Computer modelling helps dissolve the mystery of kidney stones

July 5, 2017

Murdoch researchers have developed a new computer system that predicts kidney stones

Murdoch University researchers have developed computer modelling to help prevent kidney stones, a significant and painful human health problem.

Developed by Dr Michael Hill, Dr Erich Königsberger and Emeritus Professor Peter May from the Murdoch School of Engineering and Information Technology, the new modelling predicts the biochemical conditions that lead to the formation of kidney stones.

Mostly small, hard deposits of calcium oxalate or phosphate, which form in the kidneys, kidney stones are usually agonising when passed through the urinary system.

One of the most common disorders of the urinary tract, kidney stones affect between four and eight per cent of Australians at some time in their lives.

Despite much research, the processes involved in development of kidney stones remain poorly understood and reliable procedures for preventing their formation have yet to be developed.

Dr Hill said a delicate biological balance was required in the human body to prevent the formation of solid structures such as unwanted, harmful kidney stones while in other places producing solid tissue required for healthy bones and teeth.

“Understanding kidney stone formation involves the investigation of mineral formation in a complex environment, where the changes that are taking place are often very difficult to observe directly,” said Dr Hill.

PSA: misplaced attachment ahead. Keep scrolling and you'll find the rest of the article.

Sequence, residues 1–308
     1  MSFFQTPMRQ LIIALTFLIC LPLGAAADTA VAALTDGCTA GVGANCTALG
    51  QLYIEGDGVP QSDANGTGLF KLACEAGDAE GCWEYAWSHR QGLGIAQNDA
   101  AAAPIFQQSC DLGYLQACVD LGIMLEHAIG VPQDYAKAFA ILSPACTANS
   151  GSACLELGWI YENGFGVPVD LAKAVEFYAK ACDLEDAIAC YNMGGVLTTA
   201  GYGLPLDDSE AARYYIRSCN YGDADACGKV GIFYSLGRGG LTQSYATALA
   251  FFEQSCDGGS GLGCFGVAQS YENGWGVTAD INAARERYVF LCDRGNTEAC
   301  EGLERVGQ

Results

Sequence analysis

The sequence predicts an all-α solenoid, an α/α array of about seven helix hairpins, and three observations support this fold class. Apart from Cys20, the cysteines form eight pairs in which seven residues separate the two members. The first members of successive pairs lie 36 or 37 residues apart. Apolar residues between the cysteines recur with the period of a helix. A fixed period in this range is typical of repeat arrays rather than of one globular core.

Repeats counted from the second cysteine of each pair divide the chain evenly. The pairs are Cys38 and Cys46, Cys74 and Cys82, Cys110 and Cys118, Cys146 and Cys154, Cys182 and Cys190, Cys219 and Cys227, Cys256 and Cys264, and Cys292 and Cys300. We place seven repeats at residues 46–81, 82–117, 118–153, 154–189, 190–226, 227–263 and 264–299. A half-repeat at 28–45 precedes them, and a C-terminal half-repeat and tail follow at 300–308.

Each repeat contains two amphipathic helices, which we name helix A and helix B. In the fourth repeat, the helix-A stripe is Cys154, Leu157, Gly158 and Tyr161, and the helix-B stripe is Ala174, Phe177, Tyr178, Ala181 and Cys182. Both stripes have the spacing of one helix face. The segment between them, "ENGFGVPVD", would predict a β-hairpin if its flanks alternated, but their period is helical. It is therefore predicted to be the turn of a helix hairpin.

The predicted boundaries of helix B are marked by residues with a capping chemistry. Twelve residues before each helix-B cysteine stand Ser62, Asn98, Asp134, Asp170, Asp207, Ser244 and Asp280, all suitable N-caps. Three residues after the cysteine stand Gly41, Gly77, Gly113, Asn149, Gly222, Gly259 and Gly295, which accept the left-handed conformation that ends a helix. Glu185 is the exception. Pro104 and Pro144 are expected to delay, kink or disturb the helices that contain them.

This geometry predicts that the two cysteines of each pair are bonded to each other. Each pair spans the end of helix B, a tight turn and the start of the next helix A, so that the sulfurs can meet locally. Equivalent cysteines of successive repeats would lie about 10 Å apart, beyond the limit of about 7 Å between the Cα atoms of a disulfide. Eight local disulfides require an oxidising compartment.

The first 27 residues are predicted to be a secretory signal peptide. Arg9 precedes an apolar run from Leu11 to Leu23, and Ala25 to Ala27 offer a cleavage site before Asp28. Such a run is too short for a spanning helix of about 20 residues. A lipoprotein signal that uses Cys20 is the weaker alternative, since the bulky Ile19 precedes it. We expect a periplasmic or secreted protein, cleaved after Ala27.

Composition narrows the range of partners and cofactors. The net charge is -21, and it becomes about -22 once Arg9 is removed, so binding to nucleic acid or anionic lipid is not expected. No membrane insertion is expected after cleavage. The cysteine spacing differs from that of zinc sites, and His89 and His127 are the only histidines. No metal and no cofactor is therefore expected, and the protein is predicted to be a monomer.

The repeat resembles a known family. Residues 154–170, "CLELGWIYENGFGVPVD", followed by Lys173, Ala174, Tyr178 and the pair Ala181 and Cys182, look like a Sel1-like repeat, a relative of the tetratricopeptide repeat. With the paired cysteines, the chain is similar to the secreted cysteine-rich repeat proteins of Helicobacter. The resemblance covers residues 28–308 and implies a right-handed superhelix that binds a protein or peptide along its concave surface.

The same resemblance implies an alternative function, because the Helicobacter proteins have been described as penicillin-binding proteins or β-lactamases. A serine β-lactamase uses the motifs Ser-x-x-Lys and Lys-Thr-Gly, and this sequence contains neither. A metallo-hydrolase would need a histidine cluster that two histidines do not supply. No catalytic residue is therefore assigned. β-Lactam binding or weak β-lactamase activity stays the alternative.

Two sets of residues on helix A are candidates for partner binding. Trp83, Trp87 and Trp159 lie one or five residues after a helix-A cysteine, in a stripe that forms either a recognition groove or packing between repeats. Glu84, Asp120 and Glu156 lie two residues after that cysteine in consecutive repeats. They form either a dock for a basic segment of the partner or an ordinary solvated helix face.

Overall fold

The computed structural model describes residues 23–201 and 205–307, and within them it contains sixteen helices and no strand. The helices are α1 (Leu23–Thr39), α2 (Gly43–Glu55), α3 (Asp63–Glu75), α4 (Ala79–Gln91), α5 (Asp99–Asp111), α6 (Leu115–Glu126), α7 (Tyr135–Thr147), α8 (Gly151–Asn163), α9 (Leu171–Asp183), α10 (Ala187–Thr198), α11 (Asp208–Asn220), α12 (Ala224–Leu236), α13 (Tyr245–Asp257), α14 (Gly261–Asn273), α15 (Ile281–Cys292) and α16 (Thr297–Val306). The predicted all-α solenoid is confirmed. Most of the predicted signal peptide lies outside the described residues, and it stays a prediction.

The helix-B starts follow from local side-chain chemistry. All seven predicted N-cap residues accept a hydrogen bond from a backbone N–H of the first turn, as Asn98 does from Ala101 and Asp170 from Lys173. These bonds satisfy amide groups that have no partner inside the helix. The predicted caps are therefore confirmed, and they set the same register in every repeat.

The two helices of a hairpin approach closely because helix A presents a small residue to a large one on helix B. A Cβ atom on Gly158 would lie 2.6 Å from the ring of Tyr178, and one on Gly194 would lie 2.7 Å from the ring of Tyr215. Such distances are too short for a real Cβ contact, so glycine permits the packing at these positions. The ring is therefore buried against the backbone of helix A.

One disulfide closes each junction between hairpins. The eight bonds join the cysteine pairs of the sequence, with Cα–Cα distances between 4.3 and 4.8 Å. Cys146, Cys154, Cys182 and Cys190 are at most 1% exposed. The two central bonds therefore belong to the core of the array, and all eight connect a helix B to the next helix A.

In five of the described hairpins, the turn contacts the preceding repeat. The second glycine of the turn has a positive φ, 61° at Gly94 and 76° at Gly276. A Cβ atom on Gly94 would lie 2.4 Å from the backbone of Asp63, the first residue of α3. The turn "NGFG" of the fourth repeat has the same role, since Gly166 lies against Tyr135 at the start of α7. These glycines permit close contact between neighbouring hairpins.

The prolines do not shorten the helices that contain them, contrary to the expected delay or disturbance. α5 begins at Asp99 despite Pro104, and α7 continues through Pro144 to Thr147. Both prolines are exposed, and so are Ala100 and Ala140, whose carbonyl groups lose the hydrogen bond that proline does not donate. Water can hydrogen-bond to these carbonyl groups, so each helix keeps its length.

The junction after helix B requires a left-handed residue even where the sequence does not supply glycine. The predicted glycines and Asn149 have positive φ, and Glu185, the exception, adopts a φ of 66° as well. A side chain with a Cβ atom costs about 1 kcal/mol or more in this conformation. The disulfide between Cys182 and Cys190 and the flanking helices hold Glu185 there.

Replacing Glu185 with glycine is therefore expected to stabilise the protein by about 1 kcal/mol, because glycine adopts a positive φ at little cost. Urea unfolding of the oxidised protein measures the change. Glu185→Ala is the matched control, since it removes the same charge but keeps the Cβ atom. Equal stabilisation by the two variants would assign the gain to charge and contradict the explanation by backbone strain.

“We looked at recent research advances, which indicated some key steps in kidney stone formation. We then developed modelling capabilities to help us calculate mineral solubilities and provide insight into the processes involved.

Dr Hill said that adjusting urine pH and diluting urine by increasing fluid intake were the two measures currently taken to prevent or treat kidney stones.

“The new model could eventually lead to improved treatment by predicting specific chemical factors that are likely to influence stone formation,” he said.

“This would then require the expected effects to be confirmed outside of the human body in laboratory tests.

“But the real challenge will be developing a treatment that can make a difference inside the kidneys – a very complex and difficult to reach environment. If this is achievable then the impact on kidney stone sufferers could be great.

“Much more research on the processes inside the kidney are required before we can reach this stage.”

Dr Hill has a background in computer science combined with research experience in the medical application of computer technology.

His current project involves an interdisciplinary research group with expertise in measuring and modelling the properties of industrial, environmental and biological solutions and interactions with minerals.

The study, Mineral precipitation and dissolution in the kidney, has been published in American Mineralogist and can be viewed here.

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